CMV diagnosis
  35. What is the preferred method for diagnosing enteroviral meningitis?
    Enteroviral PCR

    • Bonus: Does serology work in diagnosing enteroviral infections?
    • No, because it is an indirect measure, and because there are so many enteroviruses it isn't practical
  36. What is the best method for diagnosing HSV infection?
    • Infection with a rash: DFA and HSV culture of the base of the lesion
    • HSV encephaliis: HSV PCR on CSF
  37. What is the best way to diagnose a respiratory virus?
    Nasopharyngeal swab for DFA (TOP!!!) and culture
  38. What is the best way to diagnose EBV?
    Specific serologic tests for Ab to EBV viral antigens (more dependable than monospot)

    Monospot still used because it is less expensive and turnaround in faster; however, it can be FN in early infection, unreliable in young children, and FP in other situations

    Viral culture is not practical to diagnose EBV infection
  39. What is the likely source of infection in neonatal meningitis caused by strep agalactiae (GBS)?
    Mom's vagina -> use INTRPARTUM antibiotics
  40. Why is Mycobacteria no easily seen on Gram stain?
    Their cell wall has waxy lipids (mycolic acids) that don't stain well
  41. What is the best way to diagnose Mycobacterium tuberculosis?
    Sputum culture with positive nucleic acid test for TB
  42. What is the significance of seeing acid-fast organisms on a stain of pus taken from a post-surgical lesion or other infection?
    It indicates "rapid growers" of nontuberculosis mycobacteria. These can grow is 7-10 days
  43. What is the best way to diagnose a patient with a lung abscess due to mixed anaerobic flora?
    Sputum culture
  44. What is the best way to diagnose Influenza pneumonia?
    PCR or DFA of nasopharygneal swab
  45. What organism grows on aerobic culture with buffered charcoal yeast extract? What do you see?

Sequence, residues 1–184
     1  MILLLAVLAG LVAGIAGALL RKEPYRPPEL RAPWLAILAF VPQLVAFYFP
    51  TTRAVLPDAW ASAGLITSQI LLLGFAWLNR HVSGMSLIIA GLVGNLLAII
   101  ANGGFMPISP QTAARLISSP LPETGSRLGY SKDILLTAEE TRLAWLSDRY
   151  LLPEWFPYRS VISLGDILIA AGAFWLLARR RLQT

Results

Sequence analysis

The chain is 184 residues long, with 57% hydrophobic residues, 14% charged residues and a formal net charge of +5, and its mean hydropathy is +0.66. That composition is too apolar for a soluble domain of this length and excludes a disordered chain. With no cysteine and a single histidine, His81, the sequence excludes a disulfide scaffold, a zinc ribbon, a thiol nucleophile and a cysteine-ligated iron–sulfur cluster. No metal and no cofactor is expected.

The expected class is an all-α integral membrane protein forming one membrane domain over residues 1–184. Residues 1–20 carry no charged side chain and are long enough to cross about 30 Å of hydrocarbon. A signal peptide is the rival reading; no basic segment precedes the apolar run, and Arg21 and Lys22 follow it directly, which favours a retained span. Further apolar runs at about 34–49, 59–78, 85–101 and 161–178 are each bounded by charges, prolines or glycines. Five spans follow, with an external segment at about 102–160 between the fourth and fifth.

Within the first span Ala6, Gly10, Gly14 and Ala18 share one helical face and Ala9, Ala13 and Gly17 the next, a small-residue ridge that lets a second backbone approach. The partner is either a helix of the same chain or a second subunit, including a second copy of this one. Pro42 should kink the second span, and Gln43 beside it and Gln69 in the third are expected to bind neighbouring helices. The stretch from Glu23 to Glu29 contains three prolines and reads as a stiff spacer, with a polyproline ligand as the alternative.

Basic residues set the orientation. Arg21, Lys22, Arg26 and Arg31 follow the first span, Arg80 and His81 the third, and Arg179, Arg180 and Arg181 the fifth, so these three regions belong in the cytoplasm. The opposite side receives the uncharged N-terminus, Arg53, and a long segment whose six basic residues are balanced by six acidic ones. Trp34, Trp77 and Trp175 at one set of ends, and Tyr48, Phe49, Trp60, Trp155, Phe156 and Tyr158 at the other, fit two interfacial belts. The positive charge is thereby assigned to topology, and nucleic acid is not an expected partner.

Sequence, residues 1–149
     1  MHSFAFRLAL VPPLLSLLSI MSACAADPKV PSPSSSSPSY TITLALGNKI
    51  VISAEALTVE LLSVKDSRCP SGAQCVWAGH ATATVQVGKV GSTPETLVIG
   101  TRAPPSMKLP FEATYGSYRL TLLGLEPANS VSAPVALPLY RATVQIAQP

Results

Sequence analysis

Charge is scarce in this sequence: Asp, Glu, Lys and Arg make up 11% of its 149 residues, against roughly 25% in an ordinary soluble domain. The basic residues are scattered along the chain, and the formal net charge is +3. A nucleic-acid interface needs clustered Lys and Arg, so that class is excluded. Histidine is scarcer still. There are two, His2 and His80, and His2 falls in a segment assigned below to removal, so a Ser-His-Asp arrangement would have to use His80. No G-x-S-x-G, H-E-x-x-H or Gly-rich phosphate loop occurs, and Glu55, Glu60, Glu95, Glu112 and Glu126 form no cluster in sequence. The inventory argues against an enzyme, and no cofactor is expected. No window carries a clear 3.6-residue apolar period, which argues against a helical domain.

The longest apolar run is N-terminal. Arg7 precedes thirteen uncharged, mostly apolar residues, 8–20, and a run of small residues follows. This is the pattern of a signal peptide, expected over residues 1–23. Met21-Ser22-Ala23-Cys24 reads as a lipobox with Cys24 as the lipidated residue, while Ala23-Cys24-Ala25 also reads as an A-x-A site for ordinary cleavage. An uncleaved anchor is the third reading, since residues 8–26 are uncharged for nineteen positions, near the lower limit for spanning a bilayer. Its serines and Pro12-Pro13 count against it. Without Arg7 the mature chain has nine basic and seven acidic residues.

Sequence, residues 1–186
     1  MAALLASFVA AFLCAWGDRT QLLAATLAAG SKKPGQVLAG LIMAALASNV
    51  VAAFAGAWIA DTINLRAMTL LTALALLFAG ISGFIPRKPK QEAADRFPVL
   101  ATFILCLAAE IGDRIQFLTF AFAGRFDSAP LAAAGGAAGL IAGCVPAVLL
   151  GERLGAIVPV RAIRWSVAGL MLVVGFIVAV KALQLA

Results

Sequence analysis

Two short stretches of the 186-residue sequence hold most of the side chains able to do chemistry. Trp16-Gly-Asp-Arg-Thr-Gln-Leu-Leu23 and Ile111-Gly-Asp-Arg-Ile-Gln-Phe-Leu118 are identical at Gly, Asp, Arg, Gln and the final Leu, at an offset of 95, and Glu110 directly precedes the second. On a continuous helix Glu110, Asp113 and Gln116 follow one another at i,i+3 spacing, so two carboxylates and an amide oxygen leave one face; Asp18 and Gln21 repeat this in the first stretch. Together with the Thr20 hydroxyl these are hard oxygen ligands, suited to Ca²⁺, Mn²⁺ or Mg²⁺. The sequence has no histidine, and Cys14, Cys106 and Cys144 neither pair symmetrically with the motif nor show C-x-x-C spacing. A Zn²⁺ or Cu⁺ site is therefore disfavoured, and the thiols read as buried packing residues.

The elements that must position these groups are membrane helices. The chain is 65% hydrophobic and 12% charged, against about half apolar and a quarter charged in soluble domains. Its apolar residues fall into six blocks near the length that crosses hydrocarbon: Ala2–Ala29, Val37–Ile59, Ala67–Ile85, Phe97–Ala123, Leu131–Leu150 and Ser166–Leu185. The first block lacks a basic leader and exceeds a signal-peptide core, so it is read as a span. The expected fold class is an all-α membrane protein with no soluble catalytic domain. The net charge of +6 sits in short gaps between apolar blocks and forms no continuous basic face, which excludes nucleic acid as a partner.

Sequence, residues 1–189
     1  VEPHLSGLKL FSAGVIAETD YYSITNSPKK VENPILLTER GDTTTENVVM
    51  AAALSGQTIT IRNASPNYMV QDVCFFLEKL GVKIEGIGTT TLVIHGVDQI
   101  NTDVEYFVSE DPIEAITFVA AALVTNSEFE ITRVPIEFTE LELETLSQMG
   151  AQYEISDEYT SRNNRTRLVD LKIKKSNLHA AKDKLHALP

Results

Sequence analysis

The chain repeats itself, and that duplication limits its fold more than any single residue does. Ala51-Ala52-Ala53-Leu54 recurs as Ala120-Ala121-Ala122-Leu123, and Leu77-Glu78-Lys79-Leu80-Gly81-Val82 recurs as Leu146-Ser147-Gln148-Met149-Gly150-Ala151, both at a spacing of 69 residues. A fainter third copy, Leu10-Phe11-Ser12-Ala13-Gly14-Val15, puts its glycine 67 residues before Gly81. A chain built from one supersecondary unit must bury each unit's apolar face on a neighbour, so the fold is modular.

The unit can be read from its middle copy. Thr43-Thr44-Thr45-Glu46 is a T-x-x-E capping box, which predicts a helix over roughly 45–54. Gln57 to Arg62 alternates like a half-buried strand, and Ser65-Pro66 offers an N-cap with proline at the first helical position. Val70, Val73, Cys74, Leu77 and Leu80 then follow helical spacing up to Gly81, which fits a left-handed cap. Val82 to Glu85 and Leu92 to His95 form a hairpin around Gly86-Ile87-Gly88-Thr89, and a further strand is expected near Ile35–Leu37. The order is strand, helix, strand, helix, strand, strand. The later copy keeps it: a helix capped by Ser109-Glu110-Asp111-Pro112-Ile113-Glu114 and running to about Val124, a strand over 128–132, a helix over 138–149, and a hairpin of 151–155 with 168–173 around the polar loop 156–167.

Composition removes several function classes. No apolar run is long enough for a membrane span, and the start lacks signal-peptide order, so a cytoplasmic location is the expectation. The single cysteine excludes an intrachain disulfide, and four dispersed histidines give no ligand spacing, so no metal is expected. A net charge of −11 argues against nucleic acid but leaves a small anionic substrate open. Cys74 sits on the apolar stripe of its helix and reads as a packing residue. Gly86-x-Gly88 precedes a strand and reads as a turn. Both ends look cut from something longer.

• Legionella: facultative intracellular aerobic bacteria that is slender, pleomorphic, nonfermentative, GNR
    • Nutritionally fastidious and requires L-cysteine and iron salts to grow
  46. What two organisms are branching filamentous G+? How do you distinguish them?
    • Actinomyces: Anaerobe, not acid fast
    • Nocardia: Aerobe, partially acid fast
  47. How do you diagnose mycoplasma pneumonia?
    "Cold agglutinins"
  48. Is there a DFA for TB?
  49. What two media grow Bordetella pertussis?
    • Bordet-Gengou media
    • Regan-Lowe charcoal media supplemented
  50. What are the most common causes of actue viral encephalitis? How do you diagnose them?
    • Etiologies: HSV, enteroviruses, and arboviruses (West Nile)
    • Dx: HSV PCR, enteroviral PCR, and West Nile PCR on CSF
  51. What is the best way to determine etiology of brain abscesses?
    Bacterial cultures of aerobic and anaerobic bacteria of fluid aspirated from the abscess
  52. What organisms have a positive quelling reaction?
    Those with capsules: Klebsiella, E. coli (K antigen), Strep pneumo, HIB
  53. How do you diagnose Trachomonas vaginalis?
    Wet mount
  54. How are vibrio infections diagnosed?

    • Can you do serology (IgG titers)?
    • No